The vague part is that BSA doesn't clearly enumerate the boundaries of the discretion. The BOR is supposed to be more a celebration of the journey and a friendly discussion and not really a test or pass/fail situation. The quote (from the above link) that might apply is "A positive attitude is most important..." But even then, I'm not sure that applies here.

    <b>QUESTION #1</b> - Is it possible there is one or more adults on the BOR that the scout has had trouble in the past? In that either they have an issue from outside the BOR ... OR ... the scout does not feel comfortable talking with them because of some past issue or incident? I know that some scouters can alienate all but the most confident youth.

    <b>QUESTION #2</b> - What is the Life rank requirement that the board thinks the scout did not complete?

    While a specific style of leadership or attitude is commendable, the lack is not a show stopper. If the SM signed off on the POR, then I find it hard to say NO in situations like this.

    IMHO, either this BOR/scout combinbation did not click or the scout doesn't really care. You as SM can probably guess which happened.

    STRONG SUGGESTION - Don't let this BOR sit with this scout again. The BOR should have all new members.

    Less strong suggestion but still... - Consider holding the next BOR as soon as possible.

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    • #3
      Duplicate. Whoops.

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      • #4

        The good news is you have a clear understanding of what is important to the committee. Remember they are your allies, and they are supposed to see things in the boy that you don't. So, really you all now have to feel like you can be a better team. Have the members of your committee been going to round-tables and other district meetings? Are they trained? Is there someone they trust who can give you all constructive feedback?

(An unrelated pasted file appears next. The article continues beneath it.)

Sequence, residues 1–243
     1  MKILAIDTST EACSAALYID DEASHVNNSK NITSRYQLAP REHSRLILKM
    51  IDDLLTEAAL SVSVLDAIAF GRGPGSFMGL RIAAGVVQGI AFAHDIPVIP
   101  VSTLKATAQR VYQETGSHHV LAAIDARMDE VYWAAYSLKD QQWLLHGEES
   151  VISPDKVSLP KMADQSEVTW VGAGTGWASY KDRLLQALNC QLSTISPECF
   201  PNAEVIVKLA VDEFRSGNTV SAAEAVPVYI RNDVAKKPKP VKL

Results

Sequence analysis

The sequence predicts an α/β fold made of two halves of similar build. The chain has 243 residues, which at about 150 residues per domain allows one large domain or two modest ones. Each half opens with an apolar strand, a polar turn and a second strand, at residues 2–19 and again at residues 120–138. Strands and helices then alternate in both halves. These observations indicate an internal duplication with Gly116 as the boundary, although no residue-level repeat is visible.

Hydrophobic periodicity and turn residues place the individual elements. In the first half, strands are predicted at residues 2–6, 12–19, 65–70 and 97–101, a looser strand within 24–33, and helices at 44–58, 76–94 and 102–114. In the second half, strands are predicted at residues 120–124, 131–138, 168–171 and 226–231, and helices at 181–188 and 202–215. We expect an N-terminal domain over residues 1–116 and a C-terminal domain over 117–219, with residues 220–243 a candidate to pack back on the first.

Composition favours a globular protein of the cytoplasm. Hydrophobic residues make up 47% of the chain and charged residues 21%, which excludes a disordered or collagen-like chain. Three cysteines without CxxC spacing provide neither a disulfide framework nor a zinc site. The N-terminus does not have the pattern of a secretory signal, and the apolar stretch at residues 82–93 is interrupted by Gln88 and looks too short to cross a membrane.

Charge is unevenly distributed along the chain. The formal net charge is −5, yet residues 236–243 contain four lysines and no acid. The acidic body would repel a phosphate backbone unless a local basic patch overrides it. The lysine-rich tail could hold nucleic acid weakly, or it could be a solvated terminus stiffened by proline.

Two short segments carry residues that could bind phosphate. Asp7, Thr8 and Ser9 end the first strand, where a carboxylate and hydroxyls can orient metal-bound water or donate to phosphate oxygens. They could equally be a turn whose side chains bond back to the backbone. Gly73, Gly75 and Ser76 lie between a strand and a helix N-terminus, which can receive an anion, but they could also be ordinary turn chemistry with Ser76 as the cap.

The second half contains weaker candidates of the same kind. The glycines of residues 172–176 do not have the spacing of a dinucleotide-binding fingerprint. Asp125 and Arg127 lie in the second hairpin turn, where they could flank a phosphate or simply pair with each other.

On the boy's part, ask him what he thinks will help him to be a better scout: appealing the board's decision or working on a few of their suggestions? Let him know that you'll support him in watever he decides. If he chooses to work with the board, set a reasonable time-frame for the next BOR. This means you may need to set aside some time for some mini-SMC's each week, what he thinks are good answers to each of the board's issues.





        Be positive in all of this. Especially with the parents. Remind them we all have to work together. Frankly, when our board turned down my son (once and I forget for which rank, but it involved not having his book), I made it clear that the only option for him was to go back the next week looking sharper.





        Oh, and yes, our troop expects the boys as they advance in each rank to look sharper, say the oath and law in proper form, be able to express what those points mean more clearly, and give us a better evaluation of where he and the troop is going.

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        • #5